The franchise’s most recent first round pick, 2017’s 6’2, 204 lb. Juuso Valimaki, has turned a lot of heads over the past year and change. He stood out at July’s development camp in several ways and, at least right now, he’s the Flames’ top prospect, jumping up from our third ranking in 2017.
How did we get here?
Originally from Nokia, a town in southern Finland, Valimaki progressed through the minor ranks with NoPy and Ilves. After a strong performance with Ilves’ U20 team where he had 20 points in 44 games, Valimaki made the leap over to North America when he was selected by the Tri-City Americans in the 2015 Canadian Hockey League Import Draft.
Valimaki’s rookie year in the Western Hockey League was pretty solid, with him generating 32 points in 56 games. Hoping to get a bit of home comfort into his off-ice life, Valimaki’s mother and brothers moved to Tri-City prior to his second season – they shared a house with teammate Michael Rasmussen – and it might’ve had an impact on his game. Comfort off the ice coincided with Valimaki having an offensive outburst with 61 points in 60 games (and a trip to the World Juniors). He ended up being the 11th ranked North American skater by Central Scouting and was selected by the Flames at 16th overall in the 2017 NHL Draft. He signed his entry-level deal with the club a month after being drafted.
Through his Finnish tenure and his first two years in the WHL, Valimaki was named a conference second team all-star and suited up at two Under-18 World Championships, two Ivan Hlinka Memorial Tournaments and a World Juniors. He built upon that in the 2017-18 season.
Stats, numbers, and everything therein
The 2017-18 season was Valimaki’s third year on the smaller North American ice.
The season was impressive on a few fronts. Valimaki captained Finland at the World Juniors and was named a WHL conference all-star for the second season in a row. He was also one of the WHL’s top offensive defensemen (when he was healthy). He was sixth among blueliners in primary points per game and led all WHL defensemen in even strength primary points per game. Simply put, when Valimaki played he was one of the biggest offensive threats in the league at his position.
The downside for Valimaki was that he missed a good chunk of time. He missed two weeks in November with a lower body injury, then six weeks from mid-December until the end of January between the World Juniors and aggravating an upper body injury at that tournament. All told, between injuries and two World Juniors, he’s missed 57 games since joining the Dub. That said, the circumstances around the injuries suggest that he’s merely been unlucky rather than fragile.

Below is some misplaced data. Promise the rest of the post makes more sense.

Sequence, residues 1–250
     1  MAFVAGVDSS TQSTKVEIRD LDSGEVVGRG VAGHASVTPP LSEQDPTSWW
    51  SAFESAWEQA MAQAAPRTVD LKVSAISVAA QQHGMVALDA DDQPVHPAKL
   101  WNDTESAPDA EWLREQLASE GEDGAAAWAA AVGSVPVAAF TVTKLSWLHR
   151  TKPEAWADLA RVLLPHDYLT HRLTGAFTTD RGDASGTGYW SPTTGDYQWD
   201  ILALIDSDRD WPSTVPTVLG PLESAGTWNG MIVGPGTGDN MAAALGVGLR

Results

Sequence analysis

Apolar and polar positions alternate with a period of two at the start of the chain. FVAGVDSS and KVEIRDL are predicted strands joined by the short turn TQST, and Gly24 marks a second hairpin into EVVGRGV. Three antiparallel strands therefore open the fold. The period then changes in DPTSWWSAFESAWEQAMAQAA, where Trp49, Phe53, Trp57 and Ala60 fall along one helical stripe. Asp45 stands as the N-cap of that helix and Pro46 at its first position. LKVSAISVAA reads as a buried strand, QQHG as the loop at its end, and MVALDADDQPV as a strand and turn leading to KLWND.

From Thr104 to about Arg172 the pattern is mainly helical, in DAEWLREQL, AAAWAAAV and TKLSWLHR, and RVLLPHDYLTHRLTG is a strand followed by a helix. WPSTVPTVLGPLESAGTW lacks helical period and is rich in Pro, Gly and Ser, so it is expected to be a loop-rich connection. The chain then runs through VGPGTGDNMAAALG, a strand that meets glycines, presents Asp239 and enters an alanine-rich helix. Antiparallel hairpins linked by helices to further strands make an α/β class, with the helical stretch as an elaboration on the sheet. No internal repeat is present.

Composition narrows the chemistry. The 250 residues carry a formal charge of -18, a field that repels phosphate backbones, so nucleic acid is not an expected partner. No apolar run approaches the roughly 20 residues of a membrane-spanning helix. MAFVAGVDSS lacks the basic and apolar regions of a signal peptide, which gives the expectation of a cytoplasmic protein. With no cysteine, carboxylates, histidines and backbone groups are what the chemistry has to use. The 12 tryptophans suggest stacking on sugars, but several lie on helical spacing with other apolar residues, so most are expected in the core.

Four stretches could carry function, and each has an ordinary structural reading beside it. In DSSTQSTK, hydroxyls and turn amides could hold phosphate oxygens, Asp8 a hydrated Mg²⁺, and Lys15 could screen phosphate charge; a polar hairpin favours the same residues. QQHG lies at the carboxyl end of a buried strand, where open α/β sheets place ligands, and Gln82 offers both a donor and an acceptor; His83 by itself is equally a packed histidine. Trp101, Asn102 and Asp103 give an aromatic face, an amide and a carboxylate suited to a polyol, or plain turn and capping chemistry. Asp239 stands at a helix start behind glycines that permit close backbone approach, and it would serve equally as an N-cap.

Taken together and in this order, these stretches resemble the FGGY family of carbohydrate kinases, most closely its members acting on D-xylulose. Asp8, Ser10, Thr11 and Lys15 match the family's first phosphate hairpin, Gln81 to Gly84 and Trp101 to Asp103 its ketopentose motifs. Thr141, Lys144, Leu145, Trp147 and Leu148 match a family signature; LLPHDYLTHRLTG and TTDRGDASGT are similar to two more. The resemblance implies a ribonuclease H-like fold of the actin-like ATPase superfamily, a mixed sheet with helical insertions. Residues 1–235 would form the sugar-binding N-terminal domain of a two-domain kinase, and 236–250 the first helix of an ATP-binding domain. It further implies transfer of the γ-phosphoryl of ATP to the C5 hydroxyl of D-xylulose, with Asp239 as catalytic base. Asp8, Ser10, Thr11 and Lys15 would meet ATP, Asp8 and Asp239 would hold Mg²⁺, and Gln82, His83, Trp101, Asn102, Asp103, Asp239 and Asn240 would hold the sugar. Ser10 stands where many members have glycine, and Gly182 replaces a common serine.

For a deeper dive into Valimaki’s numbers, revisit Christian Tiberi’s writeup on him here.
Those in the know
Andy Eide, the WHL beat writer for 710 ESPN Seattle, provided his assessment of Valimaki’s 2017-18 campaign.
A case could be made that Valimaki was the best player in the WHL last season. Injuries kept him out of that conversation however and he was limited to just 43 regular season games with Tri-City. He did pile up 45 points in those games and stayed hot during the Americans’ long playoff run. In 12 playoff games he assisted on 13 goals while scoring four of his own. He was dominant at times, aggressive in joining the offensive rush and on the point during Tri-City power plays. Valimaki logged a ton of minutes for Tri-City and appears to be ready for moving up to the next level.
Aaron Piper covered Valimaki extensively this past season as the Tri-City Americans’ beat writer for the Dub Network. He shared his thoughts on the blueliner.
He unfortunately had some time off due to injuries, but when he was on the ice, he had the ability to change the game every shift he was out there. There were times that he tried to do too much individually but I think that was just the competitiveness and confidence in his abilities. His puck possession skills were incredible. His ability to join the rush and get back quickly were difference makers. He was almost like a fourth forward in offensive situations. His vision in the ice was usually a step ahead of everyone else.
On the horizon
Valimaki is going pro in 2018-19: the only question is whether he’ll be suiting up for the Flames or the Stockton Heat. If he plays in the AHL, he qualifies for a “slide year” under the CBA – he would essentially have a four-year entry-level deal and the Flames would get an additional cheap year of development. The contractual incentives to keep him on the farm cannot be denied.
But Valimaki looked like a man among boys in the WHL last season and at July’s Flames development camp. The Flames missed the playoffs last year, in part because they didn’t get enough out of their third pairing. If Valimaki can be a difference maker, even occasionally, it might be worth burning the first year of his contract.
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